Berlin Film Festival. Ai Weiwei’s segment cut from ‘Berlin, I Love You’

Deutsche Welle 2.18.2019

Producers of the film ‘Berlin, I Love You’ have cited Chinese influence as the reason they cut Ai Weiwei’s segment. The artist told DW that the Berlin International Film Festival suggested his section be removed.

Ai is an outspoken critic of China’s government and spent four years under house arrest in China until he was finally allowed to leave the country in July 2015. He then moved to Berlin.

The Berlin Film Festival told DW they do not comment on films that had not been selected, but added: “We can confirm that the involvement of Ai Weiwei would never be a criteria for choosing or not choosing a film.”

Ai Weiwei DW 2.18.2019

Chinese dissident artist Ai Weiwei’s segment in the film “Berlin, I Love You” was cut from the final version due to concerns the artist had become a political liability, the artist and film producers said.

“The reason we were given for the episode’s removal was that my political status had made it difficult for the production team to secure further funding,” Ai told DW reporter Melissa Chan.

Ai told DW that the Berlin International Film Festival had suggested his participation in the film had made it difficult for the producers to submit it as an entry to the event, a claim the festival has denied.

“[The producers] told me they submitted this film to the Berlin Film Festival and the festival told them, if Ai Weiwei’s in there, the film can never be accepted,” Ai said.

DW’s Melissa Chan reviewed a document which appeared to confirm Ai’s story.

“Berlin, I Love You” is not the only film to have succumbed to apparent influence from China. Earlier, top Chinese director Zhang Yimou withdrew his film “One Second” — set during the Cultural Revolution — from consideration for the Berlinale’s prized Golden Bear in what is widely believed to be censorship and control by Chinese officials.


Female German referee. Bundesliga broadcast canceled in Iran

SCARY. We know what the Ayatollahs think about women’s place in society.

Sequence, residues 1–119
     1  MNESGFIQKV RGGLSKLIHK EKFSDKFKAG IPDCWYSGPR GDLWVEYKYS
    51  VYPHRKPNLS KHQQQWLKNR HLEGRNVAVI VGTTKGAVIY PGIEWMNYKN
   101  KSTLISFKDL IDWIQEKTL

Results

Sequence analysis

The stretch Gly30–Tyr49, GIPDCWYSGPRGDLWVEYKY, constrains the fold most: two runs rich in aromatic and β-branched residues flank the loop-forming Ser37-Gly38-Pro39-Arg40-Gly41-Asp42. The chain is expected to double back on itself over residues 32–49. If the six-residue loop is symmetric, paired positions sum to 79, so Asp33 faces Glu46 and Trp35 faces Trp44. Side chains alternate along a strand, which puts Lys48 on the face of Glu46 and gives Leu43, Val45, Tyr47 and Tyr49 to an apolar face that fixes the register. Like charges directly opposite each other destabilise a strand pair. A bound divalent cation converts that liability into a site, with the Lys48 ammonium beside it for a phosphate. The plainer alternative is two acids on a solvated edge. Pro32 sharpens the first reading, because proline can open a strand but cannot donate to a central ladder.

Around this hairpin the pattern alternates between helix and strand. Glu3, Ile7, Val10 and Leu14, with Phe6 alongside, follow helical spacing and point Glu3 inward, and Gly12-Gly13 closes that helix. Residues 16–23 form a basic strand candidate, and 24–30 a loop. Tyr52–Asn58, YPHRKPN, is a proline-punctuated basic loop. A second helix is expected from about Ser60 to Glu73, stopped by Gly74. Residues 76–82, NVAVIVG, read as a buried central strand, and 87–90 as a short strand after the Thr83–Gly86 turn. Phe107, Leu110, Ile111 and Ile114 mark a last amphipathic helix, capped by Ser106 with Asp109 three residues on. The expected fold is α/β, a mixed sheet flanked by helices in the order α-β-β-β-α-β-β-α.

Deutsche Welle 2.17.2019

Iranian state TV did not broadcast a Bundesliga soccer match because of the presence of a woman as referee, media say. The Islamic country censors the showing of women in “revealing” clothes such as football shorts.

Bibiana Steinhaus, 39, is the first woman to have officiated at men’s football matches at a professional level in Germany. She refereed her first Bundesliga match in September 2017.

The broadcast was reportedly canceled because the Iran’s strict Islamic regulations do not allow the showing of images of women wearing clothes that reveal large amounts of skin, such as football shorts.

The Waiting Rooms of History

Anna Seghers was born Anna Reiling in Mainz, Germany in 1900, the only child of a wealthy art dealer.  Anna studied art history and Sinology. She received her Doctorate in 1924 with a dissertation on “Jews and Judaism in the Work of Rembrandt.”

Anna married a Hungarian who introduced her to Communism. She joined the German Communist Party in 1928. In 1932, Anna Seghers published “Die Gefaehrten” (The Fellows) warning of the dangers of Fascism. When the Nazis came to power in 1933, Anna was arrested by the Gestapo. Anna fled to Paris with her two children and in 1941 left France for Mexico.

Biographical Note by Liz Heidhues excerpted from  a course “The Zero Hour” taught by Dr. Marion Gerlind.


Transit –  Review by J Hoberman.

Written and directed by Christian Petzold, adapted from the novel by Anna Seghers

New York Review of Books 3.7.2019

The protagonist of Anna Seghers’s novel Transit (1944)—the source for Christian Petzold’s new film of the same name—is a young German who, having escaped from a Nazi concentration camp and then a French work camp, makes his way to occupied Paris. There he is recruited by another former inmate to deliver a letter to an anti-fascist writer named Weidel. The letter is described to him as a desperate plea from Weidel’s estranged wife, Marie, who is stranded in Marseille.

But Weidel, as Seghers’s nameless fugitive discovers, has committed suicide in a Left Bank hotel room. Carrying the dead man’s suitcase, which contains a manuscript that he reads out of boredom, as well as the letter, the fugitive travels to Marseille; once there, “a specter among the visa applicants,” he finds himself, almost unintentionally, taking Weidel’s identity and applying for his exit visa. The consul seems weirdly eager to help someone so distinguished. Waiting for passage to the New World among a disparate horde of desperate souls seeking to escape Europe, the fugitive shadows and is shadowed by Marie, who is frantically searching for her dead husband; thanks to the bureaucratic trail left by the imposter, she believes him to be alive in Marseille. Tipped off that her “husband” is enjoying a pizza in a harbor café, she finds only the fugitive Weidel, and her unrealizable pursuit continues.

Seghers’s existential thriller—recounted in the first person, a tale told by one refugee to another, and written while the author, having successfully gotten out of Marseille, was in exile in Mexico—has been described as Casablanca imagined by Franz Kafka.  Sartre’s No Exit, first performed in 1944, the same year that Transit was published in English and Spanish versions, is another analogue. So too perhaps is Camus’s The Stranger (1942). The underlying absurdity of the fugitive’s condition, as well as Transit’s understated modernism, belies Seghers’s reputation as a Marxist ideologue; most certainly this strain of absurdism helped interest Petzold in the material.